SoftBank into US Ride-Sharing
The founder of the Japanese technology giant is considering investing in the US ride-sharing market and is looking at both Uber and Lyft.
Editor’s Remarks: SoftbBank already has significant investments in emerging market ride-sharing platforms, but now it is looking at the US. Masayoshi Son, the SoftBank founder, grabbed headlines in December by promising Donald Trump that he would invest $50bn in the US over the next four years, but the real story here is SoftBank’s increasingly deep investments in global ride-sharing. SoftBank is a significant shareholder in China’s Didi Chuxing, which pushed Uber out of China, and has holdings in India’s Ola, Brazil’s 99 and SE Asia-focused Grab. Didi, in turn, is already a Lyft shareholder and it has partnered with Softbank to invest in Ola. Uber’s management has been in turmoil in recent months, while Lyft has been gaining market share and collaborating with car manufacturers in autonomous car tech development. Masayoshi Son will have an interesting choice to make as to where he parks his cash.
China and Germany Trade Figures Disappoint
Poor data has increased worries that global growth is flagging into the second half of 2017.
Editor’s Remarks: China posted July export growth of 7.2%, down from May’s 11.3% and well below forecasts of 11%, and import growth of 11%, lower than last month’s 17.2% and forecasts of 16%. This was the slowest trade month since March and export growth to the US fell ten percentage points to 8.9% while those to the EU fell five percentage points to 10.1%. Germany’s June trade figures showed exports slowing 2.8% and imports down 4.5% compared to forecasts of drops of only 0.2% and 0.3%. Global growth estimates have been upgraded over recent weeks on strong first half data out of China and Europe and both the US and European Central Banks have been looking at monetary tightening in the face of improved growth. But this might reverse if the latest China and Germany readings continue.
Aluminium Price Hits Two and a Half-Year High
The commodity has climbed to above $2000 per tonne as China closes capacity compared to previous prices below $1500 in 2016.
Editor’s Remarks: China accounts for over 60% of global aluminium supply, but its smelting industry has been plagued by overcapacity, inefficient energy usage and pollution. The Chinese government has been suspending licences for new capacity and the government of Shandong Province, one of the largest aluminium producing areas in China, has now announced that it has ordered the closure of over three million tonnes of illegal smelting capacity. This is significant as it represents approximately 9% of China’s total production in 2017. China Hongqiao Group, the largest producer, has already said that it will cut two million tonnes of capacity and shares in aluminium producers Chalco and Yunnan Aluminium have risen around 50% year-to-date on the anticipation of tighter supplies of the metal.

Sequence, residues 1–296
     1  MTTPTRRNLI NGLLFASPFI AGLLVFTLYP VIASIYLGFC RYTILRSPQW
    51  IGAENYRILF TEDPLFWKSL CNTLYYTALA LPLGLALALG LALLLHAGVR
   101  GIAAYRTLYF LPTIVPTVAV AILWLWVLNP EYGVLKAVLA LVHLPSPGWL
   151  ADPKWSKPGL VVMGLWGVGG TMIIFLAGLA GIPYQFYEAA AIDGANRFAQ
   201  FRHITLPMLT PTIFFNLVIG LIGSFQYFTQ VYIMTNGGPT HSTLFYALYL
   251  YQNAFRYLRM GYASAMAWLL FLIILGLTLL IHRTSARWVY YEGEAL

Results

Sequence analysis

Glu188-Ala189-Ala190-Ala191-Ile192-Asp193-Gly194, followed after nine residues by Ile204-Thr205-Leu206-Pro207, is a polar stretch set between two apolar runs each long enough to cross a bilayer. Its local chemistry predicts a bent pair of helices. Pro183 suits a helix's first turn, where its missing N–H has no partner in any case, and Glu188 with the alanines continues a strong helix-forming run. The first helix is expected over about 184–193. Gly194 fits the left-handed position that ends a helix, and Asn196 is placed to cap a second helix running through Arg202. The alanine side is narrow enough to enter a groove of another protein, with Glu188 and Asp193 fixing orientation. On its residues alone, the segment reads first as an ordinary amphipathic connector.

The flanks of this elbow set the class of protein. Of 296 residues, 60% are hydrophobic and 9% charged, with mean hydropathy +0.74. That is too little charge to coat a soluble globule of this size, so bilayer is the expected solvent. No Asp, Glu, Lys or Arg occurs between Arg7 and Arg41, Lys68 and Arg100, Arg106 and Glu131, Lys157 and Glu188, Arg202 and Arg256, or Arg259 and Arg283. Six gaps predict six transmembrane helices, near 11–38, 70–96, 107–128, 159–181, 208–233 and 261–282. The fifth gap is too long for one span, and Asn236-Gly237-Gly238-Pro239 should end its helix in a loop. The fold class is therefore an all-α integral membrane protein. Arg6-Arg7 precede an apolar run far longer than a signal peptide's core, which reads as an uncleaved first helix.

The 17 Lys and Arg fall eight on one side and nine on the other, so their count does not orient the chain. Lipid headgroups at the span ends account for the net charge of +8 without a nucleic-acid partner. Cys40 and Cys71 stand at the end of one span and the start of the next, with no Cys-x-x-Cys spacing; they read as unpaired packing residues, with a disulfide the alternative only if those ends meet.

UK’s EU Contribution Not So High
A major argument by the Brexit Leave campaign was that the UK is sending £350m per week to the EU.
Editor’s Remarks: The UK Treasury has released figures showing that net contributions to the EU budget by the UK for the 12 months to March 2017 were £8.1bn, equal to approximately £156m a week. The figures show that the UK’s gross contribution to the EU was £16.9bn, but after the deduction of its rebate of £4.1bn and EU payments to the UK public sector, the contribution has fallen to its lowest level in over five years. As autumn approaches, the UK’s political debate over the financial implications of Brexit is going to get more heated, and we have already seen the beginning of this with the floating of a final Brexit bill figure of £37bn to be paid to the EU. Theresa May’s minority government has a number of Brexit bills to get through parliament and “remainers” will have some more figures to fight back with.
Marriot Hotels to Tap Chinese Tourists
The US hotel group is entering a joint venture with Chinese tech behemoth Alibaba for worldwide hotel bookings.
Editor’s Remarks: Chinese outbound tourists are set to take over 700 million overseas trips in the next five years, and Marriott Group wants a chunk of that business. The group owns 30 worldwide hotel brands including JW Marriott, Ritz-Carlton and Renaissance, and its new JV with Alibaba will allow Chinese travellers to book rooms, access Marriott’s rewards programme and get cut-price deals through Alibaba’s travel service platform Fliggy. Tourists will also be able to pay for hotel rooms through Alipay, the Chinese e-commerce company’s online payments platform. Marriott already has close to 300 hotels in China, with another 300 planned, but this JV will allow the group to grab a larger share of the outbound market as well as China’s online travel business which is estimated to be as large as $90bn per year.